Our present means of image-production strike me as still utterly under the spell of the verbal – that’s the main part of the problem with them. They are an instrumentation of a certain kind of language use: their notions of image clarity, image flow, image depth, and image density are all determined by the parallel [unimpeded] movement of the logo, the brand name, the product slogan, the compressed pseudo-narrative of the TV commercial, the sound bite, the T-shirt confession, the chat show Q and A.

Billboards, web pages, and video games are just projections – perfections, perfected banalisations – of this world of half-verbal exchange. They are truly [as their intellectual groupies go on claiming] a “discourse” – read, a sealed echo chamber of lies.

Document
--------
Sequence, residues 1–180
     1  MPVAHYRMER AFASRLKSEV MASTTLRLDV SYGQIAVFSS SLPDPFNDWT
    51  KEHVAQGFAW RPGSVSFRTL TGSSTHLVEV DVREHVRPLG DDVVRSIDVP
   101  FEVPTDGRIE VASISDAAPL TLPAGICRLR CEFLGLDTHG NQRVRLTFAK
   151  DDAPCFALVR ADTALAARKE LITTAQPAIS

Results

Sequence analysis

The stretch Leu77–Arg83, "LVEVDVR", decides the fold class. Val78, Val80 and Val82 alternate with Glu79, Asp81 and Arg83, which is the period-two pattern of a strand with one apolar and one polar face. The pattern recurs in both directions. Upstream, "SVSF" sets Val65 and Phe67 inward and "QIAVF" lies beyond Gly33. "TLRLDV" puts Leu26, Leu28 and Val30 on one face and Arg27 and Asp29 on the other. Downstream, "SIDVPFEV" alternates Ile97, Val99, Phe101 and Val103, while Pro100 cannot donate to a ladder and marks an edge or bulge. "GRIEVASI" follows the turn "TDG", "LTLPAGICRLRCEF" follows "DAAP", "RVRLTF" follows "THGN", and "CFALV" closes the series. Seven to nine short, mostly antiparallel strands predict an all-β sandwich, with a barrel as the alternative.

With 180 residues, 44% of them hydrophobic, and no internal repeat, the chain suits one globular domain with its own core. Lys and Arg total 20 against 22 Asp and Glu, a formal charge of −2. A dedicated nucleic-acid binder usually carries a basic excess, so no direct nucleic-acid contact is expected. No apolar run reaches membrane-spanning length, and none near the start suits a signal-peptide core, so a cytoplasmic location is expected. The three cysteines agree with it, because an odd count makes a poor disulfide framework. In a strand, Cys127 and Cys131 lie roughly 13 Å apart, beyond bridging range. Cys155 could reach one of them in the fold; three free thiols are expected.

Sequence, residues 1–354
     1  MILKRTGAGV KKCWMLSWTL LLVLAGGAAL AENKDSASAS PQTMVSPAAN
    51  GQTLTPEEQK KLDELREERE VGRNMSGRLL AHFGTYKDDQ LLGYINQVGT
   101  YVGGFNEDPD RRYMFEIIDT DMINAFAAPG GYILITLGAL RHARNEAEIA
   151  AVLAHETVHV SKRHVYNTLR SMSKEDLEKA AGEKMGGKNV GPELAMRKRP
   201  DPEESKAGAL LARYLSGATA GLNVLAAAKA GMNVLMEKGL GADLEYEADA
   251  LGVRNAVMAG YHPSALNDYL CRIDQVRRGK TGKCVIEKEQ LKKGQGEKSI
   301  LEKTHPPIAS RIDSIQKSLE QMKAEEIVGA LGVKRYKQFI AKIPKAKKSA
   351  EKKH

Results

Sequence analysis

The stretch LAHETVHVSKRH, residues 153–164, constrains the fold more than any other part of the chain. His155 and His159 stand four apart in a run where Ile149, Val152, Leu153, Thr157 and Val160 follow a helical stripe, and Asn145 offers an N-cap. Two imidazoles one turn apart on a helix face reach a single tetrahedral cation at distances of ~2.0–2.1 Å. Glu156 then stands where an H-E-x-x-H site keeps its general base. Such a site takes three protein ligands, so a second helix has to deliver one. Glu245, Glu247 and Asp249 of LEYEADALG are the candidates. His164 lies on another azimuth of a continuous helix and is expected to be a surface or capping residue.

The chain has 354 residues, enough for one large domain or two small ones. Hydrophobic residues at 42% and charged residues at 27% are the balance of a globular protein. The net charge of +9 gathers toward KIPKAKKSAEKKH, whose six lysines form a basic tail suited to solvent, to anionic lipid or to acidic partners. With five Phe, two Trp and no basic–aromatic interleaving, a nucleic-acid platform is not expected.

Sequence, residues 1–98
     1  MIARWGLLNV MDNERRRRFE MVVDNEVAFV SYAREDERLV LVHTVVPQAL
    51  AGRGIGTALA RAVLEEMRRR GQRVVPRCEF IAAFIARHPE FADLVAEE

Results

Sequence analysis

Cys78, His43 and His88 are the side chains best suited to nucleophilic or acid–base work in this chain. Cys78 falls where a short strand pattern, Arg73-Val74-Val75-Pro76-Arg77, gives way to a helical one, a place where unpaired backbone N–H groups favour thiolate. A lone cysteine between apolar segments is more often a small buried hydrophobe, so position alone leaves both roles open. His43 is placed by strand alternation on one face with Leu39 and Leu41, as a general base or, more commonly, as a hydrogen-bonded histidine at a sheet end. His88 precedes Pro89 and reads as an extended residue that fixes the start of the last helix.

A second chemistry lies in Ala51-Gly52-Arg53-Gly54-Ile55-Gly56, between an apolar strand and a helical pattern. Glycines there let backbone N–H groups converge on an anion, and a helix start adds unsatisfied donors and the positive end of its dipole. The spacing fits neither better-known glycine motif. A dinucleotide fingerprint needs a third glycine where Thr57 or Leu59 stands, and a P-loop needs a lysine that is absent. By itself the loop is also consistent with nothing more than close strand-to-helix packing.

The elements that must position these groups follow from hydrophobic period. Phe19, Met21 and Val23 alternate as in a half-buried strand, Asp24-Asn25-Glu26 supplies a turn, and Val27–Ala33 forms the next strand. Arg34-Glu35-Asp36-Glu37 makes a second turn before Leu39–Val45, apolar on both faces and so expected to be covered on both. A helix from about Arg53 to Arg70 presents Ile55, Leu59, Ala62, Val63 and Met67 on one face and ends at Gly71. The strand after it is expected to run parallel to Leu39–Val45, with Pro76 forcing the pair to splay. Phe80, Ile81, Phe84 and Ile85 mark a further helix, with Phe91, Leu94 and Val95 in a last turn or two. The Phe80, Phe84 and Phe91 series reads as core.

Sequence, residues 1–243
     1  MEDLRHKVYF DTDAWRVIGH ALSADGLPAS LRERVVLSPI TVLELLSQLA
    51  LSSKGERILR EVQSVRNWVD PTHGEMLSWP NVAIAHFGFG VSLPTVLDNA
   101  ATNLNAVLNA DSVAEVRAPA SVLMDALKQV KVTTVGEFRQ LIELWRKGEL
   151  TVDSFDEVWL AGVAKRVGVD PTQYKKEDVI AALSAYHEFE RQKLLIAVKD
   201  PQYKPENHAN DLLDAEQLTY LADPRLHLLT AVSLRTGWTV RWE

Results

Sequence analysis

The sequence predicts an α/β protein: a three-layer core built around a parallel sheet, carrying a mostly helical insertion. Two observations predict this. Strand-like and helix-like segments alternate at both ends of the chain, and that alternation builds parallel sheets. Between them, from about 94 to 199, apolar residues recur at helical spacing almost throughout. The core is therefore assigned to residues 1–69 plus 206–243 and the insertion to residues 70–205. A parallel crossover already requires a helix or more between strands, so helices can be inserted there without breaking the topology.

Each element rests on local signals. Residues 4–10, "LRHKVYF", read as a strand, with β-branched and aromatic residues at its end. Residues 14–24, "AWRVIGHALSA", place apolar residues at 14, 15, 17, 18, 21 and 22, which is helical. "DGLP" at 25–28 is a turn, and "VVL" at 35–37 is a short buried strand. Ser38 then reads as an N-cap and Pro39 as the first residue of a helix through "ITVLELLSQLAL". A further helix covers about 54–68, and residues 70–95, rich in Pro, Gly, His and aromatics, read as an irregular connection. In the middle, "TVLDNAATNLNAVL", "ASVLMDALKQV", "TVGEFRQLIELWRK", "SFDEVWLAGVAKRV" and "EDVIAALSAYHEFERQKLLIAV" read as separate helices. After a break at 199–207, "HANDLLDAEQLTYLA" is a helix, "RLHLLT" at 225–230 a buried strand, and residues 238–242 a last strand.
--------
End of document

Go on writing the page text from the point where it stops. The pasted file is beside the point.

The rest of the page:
Therefore it becomes more and more important to point to the real boundaries between seeing and speaking, or sentence and visual configuration. And imperative to keep alive a notion of a kind of visuality that truly establishes itself at the edge of the verbal – never wholly apart from it, that is, never out of discourse’s clutches, but able and willing to exploit the difference between a sign and a pose, say, or a syntactical structure and a physical [visual, material] interval.

I take a dim view of the present regime of the image not out of some nostalgic “logocentricity” but because I see our image machines as flooding the world with words – with words [blurbs, jingles, catchphrases, ten thousand quick tickets to meaning] – given just sufficient visual cladding.

T. J. Clark, The Sight of Death, New Haven 2006

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